Remote location with DIA links to the cloud

Grouping connections allow multiple physical links to go to different ISPs, merging into a single virtual SD-WAN interface. Then, based on the application and service, the firewall decides on further traffic balancing so that the highest priority applications always have the best response and speed and the least delay.

SD-WAN supports a large selection of WAN connections; therefore, it can be: ADSL / DSL, modem connection, Ethernet, fiber, mobile (LTE / 3G / 4G / 5G), radio, satellite, and MPLS connections. Naturally, you choose the best combination for the primary and backup connection.

Models currently supporting SD-WAN:

  • PA-220
  • PA-220R
  • PA-820
  • PA-850
  • PA-3200 Series
  • PA-5200 Series
  • VM-300
  • VM-500
  • VM-700

Centralized management of multiple locations

Suppose your business requires a larger number of remote locations, to facilitate administration, configuration and provide better visibility of all sites. In that case, Palo Alto offers Panorama as a physical and virtual solution. Panorama is a centralized solution for monitoring and administration of all your locations and allows you to configure more SD-WAN locations faster and easier than if you did it individually for each location. The firewall uses VPN tunnels to check the status of connections between sites to detect the possibility of “cutting off” the site. To quickly configure the remote location, the best practice is to export the empty SD-WAN CSV file and enter information such as:

  • the IP address of the location,
  • virtual router to be used,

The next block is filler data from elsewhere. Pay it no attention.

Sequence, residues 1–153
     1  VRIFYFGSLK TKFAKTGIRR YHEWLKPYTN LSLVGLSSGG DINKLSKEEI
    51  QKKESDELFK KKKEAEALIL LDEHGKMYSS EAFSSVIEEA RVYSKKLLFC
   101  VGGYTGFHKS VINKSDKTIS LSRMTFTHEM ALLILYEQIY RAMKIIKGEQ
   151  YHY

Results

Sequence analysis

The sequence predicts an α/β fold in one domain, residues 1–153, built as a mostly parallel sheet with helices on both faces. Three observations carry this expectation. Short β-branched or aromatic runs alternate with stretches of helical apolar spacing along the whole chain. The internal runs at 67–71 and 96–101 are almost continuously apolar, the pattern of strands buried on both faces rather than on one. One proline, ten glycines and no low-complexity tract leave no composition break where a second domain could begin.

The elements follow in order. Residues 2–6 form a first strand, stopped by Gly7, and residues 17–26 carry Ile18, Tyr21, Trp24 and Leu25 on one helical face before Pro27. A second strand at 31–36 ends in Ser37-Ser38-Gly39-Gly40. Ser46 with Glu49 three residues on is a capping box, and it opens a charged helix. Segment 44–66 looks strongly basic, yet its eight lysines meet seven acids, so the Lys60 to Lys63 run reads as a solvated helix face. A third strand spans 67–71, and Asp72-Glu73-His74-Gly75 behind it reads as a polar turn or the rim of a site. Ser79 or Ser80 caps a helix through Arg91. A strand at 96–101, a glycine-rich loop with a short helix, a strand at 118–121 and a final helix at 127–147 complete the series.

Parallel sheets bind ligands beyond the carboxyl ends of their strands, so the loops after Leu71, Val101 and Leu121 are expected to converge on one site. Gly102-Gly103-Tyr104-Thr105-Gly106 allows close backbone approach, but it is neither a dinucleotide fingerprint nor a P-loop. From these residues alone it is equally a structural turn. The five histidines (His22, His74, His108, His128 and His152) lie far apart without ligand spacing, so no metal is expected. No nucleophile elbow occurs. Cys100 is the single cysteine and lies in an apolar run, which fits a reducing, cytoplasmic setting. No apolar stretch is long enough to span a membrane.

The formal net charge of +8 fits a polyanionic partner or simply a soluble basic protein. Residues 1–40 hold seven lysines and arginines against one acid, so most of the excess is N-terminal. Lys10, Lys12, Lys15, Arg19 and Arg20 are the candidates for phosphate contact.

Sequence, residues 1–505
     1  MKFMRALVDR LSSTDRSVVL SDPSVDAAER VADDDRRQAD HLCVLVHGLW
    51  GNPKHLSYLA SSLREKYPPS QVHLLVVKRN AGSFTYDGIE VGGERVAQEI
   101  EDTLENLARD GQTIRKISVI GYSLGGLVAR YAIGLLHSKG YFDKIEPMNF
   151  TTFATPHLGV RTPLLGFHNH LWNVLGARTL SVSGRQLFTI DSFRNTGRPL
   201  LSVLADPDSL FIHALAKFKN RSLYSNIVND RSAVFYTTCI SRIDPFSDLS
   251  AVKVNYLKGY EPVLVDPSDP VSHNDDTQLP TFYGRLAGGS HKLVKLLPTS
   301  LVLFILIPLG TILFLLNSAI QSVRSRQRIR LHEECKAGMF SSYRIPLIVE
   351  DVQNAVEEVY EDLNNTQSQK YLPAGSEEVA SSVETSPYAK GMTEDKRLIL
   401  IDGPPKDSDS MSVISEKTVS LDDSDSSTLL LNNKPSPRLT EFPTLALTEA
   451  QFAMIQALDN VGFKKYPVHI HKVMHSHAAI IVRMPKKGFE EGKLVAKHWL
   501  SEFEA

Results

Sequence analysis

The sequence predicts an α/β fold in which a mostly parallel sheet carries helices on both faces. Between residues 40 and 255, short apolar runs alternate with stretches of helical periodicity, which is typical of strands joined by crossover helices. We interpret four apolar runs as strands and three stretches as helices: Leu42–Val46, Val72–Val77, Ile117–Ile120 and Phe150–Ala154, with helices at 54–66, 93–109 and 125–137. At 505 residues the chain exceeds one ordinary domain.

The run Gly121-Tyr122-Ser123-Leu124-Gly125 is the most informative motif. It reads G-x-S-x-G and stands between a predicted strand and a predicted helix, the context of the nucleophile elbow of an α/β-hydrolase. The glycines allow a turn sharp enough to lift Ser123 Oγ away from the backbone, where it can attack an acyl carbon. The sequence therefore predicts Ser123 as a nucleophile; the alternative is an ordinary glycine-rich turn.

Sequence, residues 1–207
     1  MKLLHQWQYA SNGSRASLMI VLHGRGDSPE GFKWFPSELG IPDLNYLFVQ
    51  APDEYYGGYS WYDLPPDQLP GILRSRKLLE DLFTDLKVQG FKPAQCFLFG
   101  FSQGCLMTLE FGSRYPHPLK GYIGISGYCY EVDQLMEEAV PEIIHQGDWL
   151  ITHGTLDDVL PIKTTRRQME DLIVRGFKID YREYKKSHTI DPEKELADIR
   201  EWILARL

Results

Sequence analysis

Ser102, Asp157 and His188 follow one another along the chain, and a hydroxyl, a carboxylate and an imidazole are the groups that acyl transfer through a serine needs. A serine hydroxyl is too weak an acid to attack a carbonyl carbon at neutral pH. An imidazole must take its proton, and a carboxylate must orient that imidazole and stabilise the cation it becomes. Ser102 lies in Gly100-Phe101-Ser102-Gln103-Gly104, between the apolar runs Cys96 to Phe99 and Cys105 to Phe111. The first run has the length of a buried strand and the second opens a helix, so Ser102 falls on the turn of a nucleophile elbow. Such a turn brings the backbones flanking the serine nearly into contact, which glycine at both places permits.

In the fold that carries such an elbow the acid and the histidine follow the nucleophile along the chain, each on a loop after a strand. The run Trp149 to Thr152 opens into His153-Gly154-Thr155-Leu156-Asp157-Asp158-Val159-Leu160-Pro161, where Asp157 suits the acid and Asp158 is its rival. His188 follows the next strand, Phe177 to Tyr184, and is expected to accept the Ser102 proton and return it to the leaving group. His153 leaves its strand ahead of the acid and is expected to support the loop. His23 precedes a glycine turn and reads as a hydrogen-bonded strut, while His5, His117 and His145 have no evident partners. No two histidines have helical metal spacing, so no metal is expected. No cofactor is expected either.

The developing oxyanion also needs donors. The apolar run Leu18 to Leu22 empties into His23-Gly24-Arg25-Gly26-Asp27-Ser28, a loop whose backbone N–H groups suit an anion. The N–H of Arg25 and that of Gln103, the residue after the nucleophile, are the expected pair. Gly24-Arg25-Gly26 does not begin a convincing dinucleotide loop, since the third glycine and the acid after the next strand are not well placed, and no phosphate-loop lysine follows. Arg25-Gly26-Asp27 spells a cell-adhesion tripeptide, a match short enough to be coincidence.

• location name,
  • zone to which the firewall belongs,
  • and information about site routing (BGP).

Prerequisites and necessary components for SD-WAN implementation:

  • Minimum PanOS 9.1 with SD-WAN subscription
  • Panorama with SD-WAN accessory

Configuration concept:

  • Create a virtual SD-WAN interface (VPN or DIA)
  • Configure Path Quality Profile (Latency, Jitter, Packet Loss)
  • Create a Traffic Distribution Profile (if Path Quality exceeds maximum values)
  • SD-WAN policy rule with a combination of applications, Path Quality Profile, Traffic Distribution Profile to select the best path.

There is also a solution with Prisma Access. Prisma Access is a Palo Alto security solution in the Cloud that changes your NGFW on site. By using this Cloud solution, a security solution is obtained at that location by raising security services specific to the needs of that location. Prisma Access is controlled by Panorama or Cloud Managed software. In this case, you must have Cortex Data Lake (Palo Alto Log Storage Cloud Platform).

Configure the SD-WAN on the Palo Alto firewall